At last we have a government that uses the "c" word: culture. Tony Blair has decreed that henceforth the Department of National Heritage, created in 1992 by John Major as part of his dream of a nation at ease with itself, will be called the Department of Culture, Media and Sport. The title doesn't exactly sing, and it seems to imply that sport is not part of our national culture, but it marks a turning point in the long evolution of what we must now call public culture. Where once patronage of the arts was the concern of kings and princes, it has moved into the public realm. Across the world, culture has gradually become a matter of state policy, and the British government is catching up.
Chris Smith, Secretary of State at the DCMS, says the new name marks "a change of direction". Evidence of this lies in the creation of what sounds suspiciously like a new quango, the "InterDepartmental Creative Industries Task Force", peopled by new Labour's version of the great and the good: the film producer David Puttnam, the clothes designer Paul Smith, the publisher Gall Rebuck, the entrepreneur Richard Branson and the record company magnate Alan McGee, plus assorted marketing men and "strategy consultants". This task force is charged with examining the work of all the government departments that impinge on what 18 years of Conservative rule have taught us to call the cultural industries.
Such phrases - "the enterprise culture" is another - show that just as governments have gradually supplanted earlier forms of cultural patronage, so the definition of culture has changed.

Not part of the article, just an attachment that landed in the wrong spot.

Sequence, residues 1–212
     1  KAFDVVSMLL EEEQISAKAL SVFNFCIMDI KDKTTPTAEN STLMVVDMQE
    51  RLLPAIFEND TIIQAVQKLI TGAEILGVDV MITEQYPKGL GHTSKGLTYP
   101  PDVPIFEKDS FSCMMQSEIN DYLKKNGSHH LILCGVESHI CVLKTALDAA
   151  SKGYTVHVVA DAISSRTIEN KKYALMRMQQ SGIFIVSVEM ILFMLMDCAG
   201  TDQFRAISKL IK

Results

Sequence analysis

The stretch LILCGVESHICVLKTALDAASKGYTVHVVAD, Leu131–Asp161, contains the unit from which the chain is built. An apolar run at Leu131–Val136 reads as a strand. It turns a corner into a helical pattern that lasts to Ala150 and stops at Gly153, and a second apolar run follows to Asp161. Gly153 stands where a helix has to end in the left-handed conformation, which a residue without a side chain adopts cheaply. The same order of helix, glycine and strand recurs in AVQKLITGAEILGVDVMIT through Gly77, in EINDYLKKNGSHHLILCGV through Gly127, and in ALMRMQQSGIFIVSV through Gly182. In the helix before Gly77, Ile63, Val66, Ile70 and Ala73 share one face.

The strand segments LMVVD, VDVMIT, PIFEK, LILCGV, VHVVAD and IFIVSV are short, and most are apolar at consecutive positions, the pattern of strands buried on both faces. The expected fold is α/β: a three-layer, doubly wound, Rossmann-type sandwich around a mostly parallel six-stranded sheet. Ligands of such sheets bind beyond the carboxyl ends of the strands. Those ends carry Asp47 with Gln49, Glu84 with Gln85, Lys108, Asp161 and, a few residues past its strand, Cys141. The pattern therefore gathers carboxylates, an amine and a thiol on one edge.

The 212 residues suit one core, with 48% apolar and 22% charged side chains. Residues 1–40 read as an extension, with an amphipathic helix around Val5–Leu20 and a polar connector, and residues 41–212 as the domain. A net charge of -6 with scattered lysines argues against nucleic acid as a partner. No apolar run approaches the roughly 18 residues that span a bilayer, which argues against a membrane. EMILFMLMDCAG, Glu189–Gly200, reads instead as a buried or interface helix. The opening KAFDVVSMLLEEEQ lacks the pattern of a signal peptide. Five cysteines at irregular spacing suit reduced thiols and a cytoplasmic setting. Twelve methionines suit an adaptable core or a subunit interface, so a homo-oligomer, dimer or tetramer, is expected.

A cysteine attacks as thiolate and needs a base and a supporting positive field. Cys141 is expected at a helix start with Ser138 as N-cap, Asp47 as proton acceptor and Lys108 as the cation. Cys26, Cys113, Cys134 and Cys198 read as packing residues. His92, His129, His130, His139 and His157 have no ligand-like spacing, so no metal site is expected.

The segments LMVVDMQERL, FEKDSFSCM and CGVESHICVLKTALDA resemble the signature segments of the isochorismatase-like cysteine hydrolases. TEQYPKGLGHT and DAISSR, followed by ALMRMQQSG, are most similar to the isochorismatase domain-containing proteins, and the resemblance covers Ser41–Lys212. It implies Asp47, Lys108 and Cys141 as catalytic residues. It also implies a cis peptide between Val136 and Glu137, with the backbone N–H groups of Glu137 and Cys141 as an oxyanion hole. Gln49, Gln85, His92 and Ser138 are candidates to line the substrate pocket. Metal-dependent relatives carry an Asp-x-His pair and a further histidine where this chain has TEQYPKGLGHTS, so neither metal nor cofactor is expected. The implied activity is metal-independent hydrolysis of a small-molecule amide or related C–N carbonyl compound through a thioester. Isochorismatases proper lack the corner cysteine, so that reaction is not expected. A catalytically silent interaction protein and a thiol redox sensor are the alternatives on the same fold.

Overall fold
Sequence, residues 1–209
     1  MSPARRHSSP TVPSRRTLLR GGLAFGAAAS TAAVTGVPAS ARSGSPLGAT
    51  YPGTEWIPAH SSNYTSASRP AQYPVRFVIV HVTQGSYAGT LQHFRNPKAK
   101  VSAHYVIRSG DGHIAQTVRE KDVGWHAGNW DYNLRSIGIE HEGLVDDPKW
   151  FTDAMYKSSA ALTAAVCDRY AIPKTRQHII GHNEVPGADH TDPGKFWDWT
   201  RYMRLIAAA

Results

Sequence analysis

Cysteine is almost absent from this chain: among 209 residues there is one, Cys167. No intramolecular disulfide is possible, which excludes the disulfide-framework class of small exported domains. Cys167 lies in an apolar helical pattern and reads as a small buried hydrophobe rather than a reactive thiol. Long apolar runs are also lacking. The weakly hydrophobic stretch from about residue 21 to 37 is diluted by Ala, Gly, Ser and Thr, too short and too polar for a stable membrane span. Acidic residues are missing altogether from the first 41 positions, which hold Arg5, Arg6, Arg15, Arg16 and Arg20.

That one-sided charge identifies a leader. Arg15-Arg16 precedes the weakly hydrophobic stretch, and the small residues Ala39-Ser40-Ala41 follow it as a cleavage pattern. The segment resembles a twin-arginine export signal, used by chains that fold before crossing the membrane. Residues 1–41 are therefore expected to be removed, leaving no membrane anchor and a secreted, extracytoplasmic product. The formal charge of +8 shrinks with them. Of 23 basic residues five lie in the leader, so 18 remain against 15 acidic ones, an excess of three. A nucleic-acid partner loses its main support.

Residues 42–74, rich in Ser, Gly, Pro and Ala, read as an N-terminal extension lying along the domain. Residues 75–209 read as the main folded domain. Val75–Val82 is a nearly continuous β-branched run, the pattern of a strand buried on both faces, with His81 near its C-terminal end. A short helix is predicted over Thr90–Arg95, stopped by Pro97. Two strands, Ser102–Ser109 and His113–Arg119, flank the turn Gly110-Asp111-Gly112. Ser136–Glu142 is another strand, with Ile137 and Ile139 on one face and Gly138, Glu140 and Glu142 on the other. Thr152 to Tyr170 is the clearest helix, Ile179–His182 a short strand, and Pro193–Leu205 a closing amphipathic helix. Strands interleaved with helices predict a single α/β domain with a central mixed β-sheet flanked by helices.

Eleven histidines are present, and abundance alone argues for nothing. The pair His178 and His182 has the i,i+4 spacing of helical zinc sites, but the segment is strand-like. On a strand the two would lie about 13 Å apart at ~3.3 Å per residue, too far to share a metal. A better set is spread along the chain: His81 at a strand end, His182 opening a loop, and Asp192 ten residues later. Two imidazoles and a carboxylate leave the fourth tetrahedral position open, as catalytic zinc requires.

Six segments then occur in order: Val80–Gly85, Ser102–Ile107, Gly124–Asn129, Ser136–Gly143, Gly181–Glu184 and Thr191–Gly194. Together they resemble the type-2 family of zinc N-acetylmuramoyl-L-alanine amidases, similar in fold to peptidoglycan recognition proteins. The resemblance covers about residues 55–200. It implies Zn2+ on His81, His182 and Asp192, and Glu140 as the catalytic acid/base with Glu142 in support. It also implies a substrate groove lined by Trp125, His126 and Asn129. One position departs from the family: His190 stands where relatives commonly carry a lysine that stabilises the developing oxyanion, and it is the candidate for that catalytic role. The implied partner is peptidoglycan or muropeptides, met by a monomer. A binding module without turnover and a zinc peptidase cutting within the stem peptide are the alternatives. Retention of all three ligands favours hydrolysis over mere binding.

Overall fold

Culture has always been more than the activities of painters, poets, playwrights, novelists and performing artists. Anthropologically it applies to the customs and beliefs of a whole people, which exist in a moral, indeed religious, dimension. Both artists and their patrons have felt themselves to be involved in a social activity that has moral as well as aesthetic value. For a Victorian such as Matthew Arnold, culture was "the best that has been said or thought in the world". It was a positive ideal, to be opposed to the development of a barbarian industrialised society.
Such a definition, with its emphasis on "the best", was inevitably elitist. As mass production, mass organisation and, significantly, mass education multiplied alongside the spread of democracy, feelings about the survival of this ideal culture became increasingly pessimistic. For T S Eliot and F R Leavis, culture became merely a saving remnant in a brutish world. In 1969 Kenneth Clark's television series Civilisation showed elite culture in retreat in the face of a debased mass culture - what George Steiner has called "post-culture" - promoted by the forces of commercialism.
In the sixties a new and more positive definition of culture again emerged: what Raymond Williams termed "a whole way of life". The traditional elitist pyramid of highbrow, middlebrow and lowbrow popular culture was replaced by a different model, a "long front of culture", which exchanged a hierarchy of taste for a democracy of access to the arts. In Pop Art, the iconography of vulgar popular culture was translated into high art.
The increased elasticity of this definition coincided with a momentous change in the developed world, from mass production to mass consumption as the primary focus of economic activity - consumption being necessary to sustain production. In this fundamental shift from the ruling condition of modernism to that of post-modernism, culture ceased to be a fixed ideal.
From roughly 1968 onwards, it became the subject of ever more destructive definitions from the left. Marxists developed Gramsci's conception of culture as one of the means by which a ruling class maintained control, in such a way that culture was no longer seen as a virtue, but as an ideology, a set of ideas, images and values that served to keep certain interests in power, not just by …